This teaching does not mean that a person should not (G‑d forbid) think about the Redemption and anticipate its coming. It means that though his reason sees no possibility for Redemption, a Jew persists with an intense belief that transcends his reason. This meaning springs directly from the Hebrew idiom בהיסח הדעת (here translated “unawares”), which literally means “with one’s reason set aside.” (Likkutei Sichos vol. 5)

So, according to the Rebbe, Behesech Hadaas does mean unawareness (peshat reading). However, it should be read as "with one's reason set aside". That's the basis for the explanation of Rabbi Brod in sefer Yemos HaMoshiach.

Beginning from page 59, Rabbi Brod says that daily, we anticipate the coming of Moshiach. We pray about the coming of Moshiach/Redemption multiple times a day. We "express a immense longing for redemption", says the author. Does all of this become puzzling because of the statement of our sages that "Moshiach comes unexpectedly"?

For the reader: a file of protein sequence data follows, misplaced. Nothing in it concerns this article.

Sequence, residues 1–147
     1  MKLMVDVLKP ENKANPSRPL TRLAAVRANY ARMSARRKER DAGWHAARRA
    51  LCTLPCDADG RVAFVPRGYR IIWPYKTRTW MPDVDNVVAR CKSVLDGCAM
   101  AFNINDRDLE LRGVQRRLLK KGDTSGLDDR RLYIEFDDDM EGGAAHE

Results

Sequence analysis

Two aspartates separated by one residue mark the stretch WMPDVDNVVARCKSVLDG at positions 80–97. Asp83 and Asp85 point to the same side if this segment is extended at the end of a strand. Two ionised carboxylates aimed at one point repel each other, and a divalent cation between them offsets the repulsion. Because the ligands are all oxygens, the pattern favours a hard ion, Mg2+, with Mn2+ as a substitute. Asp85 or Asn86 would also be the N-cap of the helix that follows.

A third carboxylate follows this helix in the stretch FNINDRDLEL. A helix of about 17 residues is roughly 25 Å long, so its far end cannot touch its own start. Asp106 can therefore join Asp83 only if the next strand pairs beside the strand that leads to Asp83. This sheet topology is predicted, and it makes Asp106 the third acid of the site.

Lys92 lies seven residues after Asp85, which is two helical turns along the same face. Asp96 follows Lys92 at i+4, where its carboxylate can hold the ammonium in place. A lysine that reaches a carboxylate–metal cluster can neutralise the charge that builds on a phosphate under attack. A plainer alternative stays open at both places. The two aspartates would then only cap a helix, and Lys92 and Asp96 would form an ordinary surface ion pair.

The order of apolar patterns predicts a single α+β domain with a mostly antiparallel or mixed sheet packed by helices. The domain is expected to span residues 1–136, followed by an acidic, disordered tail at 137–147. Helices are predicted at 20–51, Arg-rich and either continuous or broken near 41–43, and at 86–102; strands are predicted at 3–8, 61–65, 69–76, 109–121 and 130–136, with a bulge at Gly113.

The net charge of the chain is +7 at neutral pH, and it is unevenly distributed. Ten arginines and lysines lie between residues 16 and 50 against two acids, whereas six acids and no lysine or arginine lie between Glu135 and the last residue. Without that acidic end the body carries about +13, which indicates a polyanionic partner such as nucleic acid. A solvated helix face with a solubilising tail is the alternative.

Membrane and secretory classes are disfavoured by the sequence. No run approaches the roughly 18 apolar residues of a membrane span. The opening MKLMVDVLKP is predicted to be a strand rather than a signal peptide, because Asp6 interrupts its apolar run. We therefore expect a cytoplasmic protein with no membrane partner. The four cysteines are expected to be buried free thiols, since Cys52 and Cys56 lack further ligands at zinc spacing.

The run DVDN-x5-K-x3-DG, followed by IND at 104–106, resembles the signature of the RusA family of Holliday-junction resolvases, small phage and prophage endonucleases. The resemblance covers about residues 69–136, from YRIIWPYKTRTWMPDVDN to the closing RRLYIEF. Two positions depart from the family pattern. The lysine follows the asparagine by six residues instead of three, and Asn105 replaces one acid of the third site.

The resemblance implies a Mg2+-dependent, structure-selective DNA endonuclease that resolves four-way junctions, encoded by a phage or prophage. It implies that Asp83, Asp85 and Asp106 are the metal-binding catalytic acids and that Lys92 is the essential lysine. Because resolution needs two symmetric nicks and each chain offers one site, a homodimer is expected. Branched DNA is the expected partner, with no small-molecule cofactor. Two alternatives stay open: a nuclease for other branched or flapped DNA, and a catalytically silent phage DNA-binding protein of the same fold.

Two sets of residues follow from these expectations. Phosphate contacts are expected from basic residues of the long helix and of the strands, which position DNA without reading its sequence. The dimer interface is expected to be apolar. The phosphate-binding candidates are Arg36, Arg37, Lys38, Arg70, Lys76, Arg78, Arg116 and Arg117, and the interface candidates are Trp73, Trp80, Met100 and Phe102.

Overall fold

Rabbi Brod goes on to cite a Gemara that talks about Rabbi Zeira, encountering people that were engaging in discussions about the coming of Moshiach (Sanhedrin 97a). The Gemara says that:

when he (Rabbi Zeira) would find Sages who were engaging in discussions about the coming of the Messiah, said to them: Please, I ask of you, do not delay his coming by calculating the end of days.

Rabbi Brod quotes Rashi to explain that this Gemara was referring to people that were busy calculating when Moshiach would come. As Rashi says (ad loc.):

דמעסקי ביה - לידע מתי יבא

Rabbi Zeira responds to these people with:

I ask of you, do not delay

Why? Because "three things come unexpectedly, one of which is Moshiach".

In sefer Yemos HaMoshiach, the author goes on to explain that even "these three things come when not expected", that does absolutely not mean that we should not think about redemption and the coming of Moshiach (p. 60).